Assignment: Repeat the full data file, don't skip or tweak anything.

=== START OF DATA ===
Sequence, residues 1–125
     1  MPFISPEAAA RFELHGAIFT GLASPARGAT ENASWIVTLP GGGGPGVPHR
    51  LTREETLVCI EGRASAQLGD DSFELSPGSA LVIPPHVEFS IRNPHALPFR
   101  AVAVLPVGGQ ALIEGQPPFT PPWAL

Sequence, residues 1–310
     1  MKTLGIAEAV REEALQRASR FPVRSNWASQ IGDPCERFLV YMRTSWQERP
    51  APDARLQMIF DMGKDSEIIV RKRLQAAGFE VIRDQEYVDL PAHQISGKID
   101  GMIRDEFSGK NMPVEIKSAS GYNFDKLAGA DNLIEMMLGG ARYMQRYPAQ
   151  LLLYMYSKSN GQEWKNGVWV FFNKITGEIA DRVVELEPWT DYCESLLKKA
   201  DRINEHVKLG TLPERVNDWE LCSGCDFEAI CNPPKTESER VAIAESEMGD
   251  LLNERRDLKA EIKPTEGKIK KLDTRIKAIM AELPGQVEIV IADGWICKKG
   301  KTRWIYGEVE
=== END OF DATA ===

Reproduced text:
Sequence, residues 1–125
     1  MPFISPEAAA RFELHGAIFT GLASPARGAT ENASWIVTLP GGGGPGVPHR
    51  LTREETLVCI EGRASAQLGD DSFELSPGSA LVIPPHVEFS IRNPHALPFR
   101  AVAVLPVGGQ ALIEGQPPFT PPWAL

Sequence, residues 1–310
     1  MKTLGIAEAV REEALQRASR FPVRSNWASQ IGDPCERFLV YMRTSWQERP
    51  APDARLQMIF DMGKDSEIIV RKRLQAAGFE VIRDQEYVDL PAHQISGKID
   101  GMIRDEFSGK NMPVEIKSAS GYNFDKLAGA DNLIEMMLGG ARYMQRYPAQ
   151  LLLYMYSKSN GQEWKNGVWV FFNKITGEIA DRVVELEPWT DYCESLLKKA
   201  DRINEHVKLG TLPERVNDWE LCSGCDFEAI CNPPKTESER VAIAESEMGD
   251  LLNERRDLKA EIKPTEGKIK KLDTRIKAIM AELPGQVEIV IADGWICKKG
   301  KTRWIYGEVE